The woman curtsied deeply when they stepped up to her.
“My lords, I am Varrha D’Equille, madam of my master Teniel Makkar. He awaits you in his study. Will you please follow me?”
Since Vox said nothing, Titus made no objections. They followed her into the house.
It was like entering the veins of a living creature. Warm air awaited them in a corridor with a dark red carpet. Curtains of the same hue were draped every few steps to frame a door. The yellow walls had a structure to them that made them seem almost organic. They dispersed the light and crept into shadows, giving everything a mild glow.
The atmosphere was highly disconcerting for the Space Marines. Especially because the corridor was built to human proportions. Had the lamps not been located on the walls, they would have had a few illuminating encounters on the way.
Behind the corridor they entered the central hall of the building. It spanned all floors, a spiral staircase in each corner. Numerous passages were accessible via galleries on all four walls.
Varrha D’Equille led them to the approximate middle of the building. The corridor they entered was bereft of doors and curtains. Instead it was hung with paintings of landscapes and a few portraits in between.
“Is this Miss Aurea?”, Vox wanted to know suddenly. He had stopped and pointed at a portrait. It showed a young woman with luxuriant, brown curls. Their guide turned to him with a polite, nondescript smile.
“Indeed, my lord. How did you recognize her?”
“She’s similar to her mother”, Vox answered, pointing at the painting opposite and before the woman could ask where Vox had met the mother, he continued: “My deepest sympathies, by the way.”
“We all miss Lady Verienna”, the madam said, lowering the gaze of her light brown eyes. “She was a kind soul.”
Uncertain what his friend was getting at, Titus nevertheless filed the information that Makkar’s sister was dead. When there were no further comments, Madam D’Equille approached the door at the end of the corridor. She knocked and held the door open when the reply came. With graceful discretion, she closed it behind them.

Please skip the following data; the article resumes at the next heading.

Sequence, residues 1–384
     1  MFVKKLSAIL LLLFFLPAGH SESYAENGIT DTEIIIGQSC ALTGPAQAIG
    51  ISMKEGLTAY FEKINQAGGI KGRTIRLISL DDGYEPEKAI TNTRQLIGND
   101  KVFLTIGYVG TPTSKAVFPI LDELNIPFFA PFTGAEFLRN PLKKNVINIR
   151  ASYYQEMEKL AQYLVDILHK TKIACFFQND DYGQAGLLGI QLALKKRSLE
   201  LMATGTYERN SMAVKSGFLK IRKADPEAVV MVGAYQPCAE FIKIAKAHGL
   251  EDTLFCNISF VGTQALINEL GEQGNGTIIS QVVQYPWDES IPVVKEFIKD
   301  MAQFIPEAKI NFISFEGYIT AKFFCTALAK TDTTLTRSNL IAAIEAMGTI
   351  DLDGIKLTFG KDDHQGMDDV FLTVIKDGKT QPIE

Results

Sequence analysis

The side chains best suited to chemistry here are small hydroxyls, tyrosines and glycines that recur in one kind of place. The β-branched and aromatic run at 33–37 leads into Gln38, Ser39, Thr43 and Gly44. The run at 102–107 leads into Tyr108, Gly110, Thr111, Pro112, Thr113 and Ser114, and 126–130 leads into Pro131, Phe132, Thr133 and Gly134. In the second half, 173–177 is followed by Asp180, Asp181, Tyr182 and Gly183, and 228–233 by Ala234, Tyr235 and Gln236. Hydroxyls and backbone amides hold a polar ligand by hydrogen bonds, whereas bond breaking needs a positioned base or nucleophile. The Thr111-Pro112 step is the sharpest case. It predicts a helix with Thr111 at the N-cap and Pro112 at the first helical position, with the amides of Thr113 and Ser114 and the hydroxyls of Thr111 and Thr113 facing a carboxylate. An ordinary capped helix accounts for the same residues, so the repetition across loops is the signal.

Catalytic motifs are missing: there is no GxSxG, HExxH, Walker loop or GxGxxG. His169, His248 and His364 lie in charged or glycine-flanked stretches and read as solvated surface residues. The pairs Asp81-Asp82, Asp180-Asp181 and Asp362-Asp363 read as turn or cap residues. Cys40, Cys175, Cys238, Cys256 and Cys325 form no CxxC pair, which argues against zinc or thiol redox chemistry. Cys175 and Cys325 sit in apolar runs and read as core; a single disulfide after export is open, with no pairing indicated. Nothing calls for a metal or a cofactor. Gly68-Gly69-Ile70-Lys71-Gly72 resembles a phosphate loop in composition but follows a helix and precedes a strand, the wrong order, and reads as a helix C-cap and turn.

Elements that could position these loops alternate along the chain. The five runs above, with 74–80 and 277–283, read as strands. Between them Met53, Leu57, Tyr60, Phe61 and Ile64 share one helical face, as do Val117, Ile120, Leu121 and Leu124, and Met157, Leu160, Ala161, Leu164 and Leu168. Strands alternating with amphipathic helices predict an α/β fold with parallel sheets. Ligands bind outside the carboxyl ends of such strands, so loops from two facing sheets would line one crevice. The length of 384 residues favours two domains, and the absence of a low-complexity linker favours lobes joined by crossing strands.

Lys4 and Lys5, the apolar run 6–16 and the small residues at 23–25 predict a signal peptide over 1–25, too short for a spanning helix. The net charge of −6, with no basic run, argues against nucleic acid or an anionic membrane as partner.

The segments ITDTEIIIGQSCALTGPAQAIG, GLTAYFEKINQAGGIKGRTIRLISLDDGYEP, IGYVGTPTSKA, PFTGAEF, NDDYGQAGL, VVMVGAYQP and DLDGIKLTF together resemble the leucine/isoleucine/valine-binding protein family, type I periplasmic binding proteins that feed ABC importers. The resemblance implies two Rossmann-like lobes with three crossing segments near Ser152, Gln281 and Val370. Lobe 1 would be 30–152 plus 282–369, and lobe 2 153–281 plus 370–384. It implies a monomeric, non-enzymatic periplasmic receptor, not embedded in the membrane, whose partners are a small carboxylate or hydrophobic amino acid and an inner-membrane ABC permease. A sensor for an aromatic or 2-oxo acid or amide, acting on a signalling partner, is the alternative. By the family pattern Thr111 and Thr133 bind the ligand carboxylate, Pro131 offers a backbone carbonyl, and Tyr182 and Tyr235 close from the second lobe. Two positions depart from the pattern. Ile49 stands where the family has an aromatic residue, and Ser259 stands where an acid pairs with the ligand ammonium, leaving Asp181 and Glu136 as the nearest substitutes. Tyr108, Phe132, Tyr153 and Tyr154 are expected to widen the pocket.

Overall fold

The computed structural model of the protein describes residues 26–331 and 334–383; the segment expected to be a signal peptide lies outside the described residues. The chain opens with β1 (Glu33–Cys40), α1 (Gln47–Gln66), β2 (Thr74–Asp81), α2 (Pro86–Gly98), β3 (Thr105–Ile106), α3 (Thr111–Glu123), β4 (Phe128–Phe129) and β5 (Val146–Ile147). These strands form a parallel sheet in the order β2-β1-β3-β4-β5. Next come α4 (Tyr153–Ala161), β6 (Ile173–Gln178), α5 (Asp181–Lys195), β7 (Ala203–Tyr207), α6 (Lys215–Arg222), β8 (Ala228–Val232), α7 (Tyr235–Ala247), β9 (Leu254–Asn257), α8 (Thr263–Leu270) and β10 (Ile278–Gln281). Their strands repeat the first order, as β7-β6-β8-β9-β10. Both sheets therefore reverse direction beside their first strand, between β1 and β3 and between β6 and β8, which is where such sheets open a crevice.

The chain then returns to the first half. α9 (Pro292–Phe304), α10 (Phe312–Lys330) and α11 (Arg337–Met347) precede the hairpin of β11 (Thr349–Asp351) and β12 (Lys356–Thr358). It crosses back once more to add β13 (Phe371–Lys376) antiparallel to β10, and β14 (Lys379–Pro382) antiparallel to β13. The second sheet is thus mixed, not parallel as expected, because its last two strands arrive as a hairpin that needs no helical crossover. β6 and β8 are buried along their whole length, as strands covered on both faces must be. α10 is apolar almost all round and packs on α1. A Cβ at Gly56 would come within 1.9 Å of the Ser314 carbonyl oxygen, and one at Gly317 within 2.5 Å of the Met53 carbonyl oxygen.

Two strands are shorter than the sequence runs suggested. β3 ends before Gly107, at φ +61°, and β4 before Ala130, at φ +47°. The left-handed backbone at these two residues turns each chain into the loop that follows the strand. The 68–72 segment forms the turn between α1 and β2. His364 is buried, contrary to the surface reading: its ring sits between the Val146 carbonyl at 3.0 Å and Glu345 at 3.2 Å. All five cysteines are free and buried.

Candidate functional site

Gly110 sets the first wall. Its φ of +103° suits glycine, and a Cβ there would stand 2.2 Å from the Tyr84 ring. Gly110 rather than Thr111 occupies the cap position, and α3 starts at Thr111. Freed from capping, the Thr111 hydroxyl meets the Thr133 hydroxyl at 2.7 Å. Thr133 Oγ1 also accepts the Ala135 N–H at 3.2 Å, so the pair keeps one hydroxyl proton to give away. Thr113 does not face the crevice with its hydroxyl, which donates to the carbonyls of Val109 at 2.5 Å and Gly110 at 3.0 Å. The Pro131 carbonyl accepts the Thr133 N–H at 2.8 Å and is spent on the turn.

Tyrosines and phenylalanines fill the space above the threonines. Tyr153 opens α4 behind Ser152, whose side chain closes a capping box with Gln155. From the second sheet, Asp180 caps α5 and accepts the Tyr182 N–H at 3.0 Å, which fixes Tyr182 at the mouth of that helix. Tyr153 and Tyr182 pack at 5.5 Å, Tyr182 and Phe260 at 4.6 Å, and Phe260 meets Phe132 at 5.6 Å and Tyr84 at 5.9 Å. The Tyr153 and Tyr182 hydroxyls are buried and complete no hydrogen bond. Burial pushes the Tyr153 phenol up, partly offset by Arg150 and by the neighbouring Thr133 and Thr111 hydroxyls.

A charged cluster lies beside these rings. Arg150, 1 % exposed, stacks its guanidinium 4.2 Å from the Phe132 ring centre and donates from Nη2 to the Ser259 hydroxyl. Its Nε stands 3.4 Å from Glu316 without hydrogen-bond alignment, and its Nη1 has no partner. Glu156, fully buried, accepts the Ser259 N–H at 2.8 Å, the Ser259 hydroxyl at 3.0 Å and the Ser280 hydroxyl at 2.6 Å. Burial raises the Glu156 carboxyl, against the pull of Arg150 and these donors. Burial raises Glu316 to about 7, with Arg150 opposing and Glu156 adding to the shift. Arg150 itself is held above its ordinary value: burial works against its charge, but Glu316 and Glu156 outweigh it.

The room they had entered followed the same colour scheme like the rest of what they had seen so far. Its furnishings were heavy and dark, the ceiling high with a chandelier shining its soft, yellow light on the scene. There probably was a window in the room but it was hidden behind the drawn, dark red curtains. Behind the desk stood a man, clothed in simple but elegant robes of a light grey. He was clean-shaven and his hair, curly and short, had been of a dark brown before it had started to go white at the temples. He had awaited the Space Marines with a friendly, blank expression and came around the table when they entered.
“My lords”, he said with a deep bow. “I am honoured and delighted that you found your way here so fast. I apologise for the games at the ball. Did you have time to speak to Nazán? I specifically asked her to deliver a message for me.”
Vox moved. He shouldered Titus in the chest and sent him flying backwards. The door broke under his weight. He had just turned the motion into a roll and landed on his feet when Makkar was flung into his arms.
A glimpse of Vox in the middle of the room was all he could make out before it exploded into flames.
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Guide Me Through the Darkness by Julia M. V. Warren is licensed under a Creative Commons Attribution-NonCommercial-NoDerivatives 4.0 International License.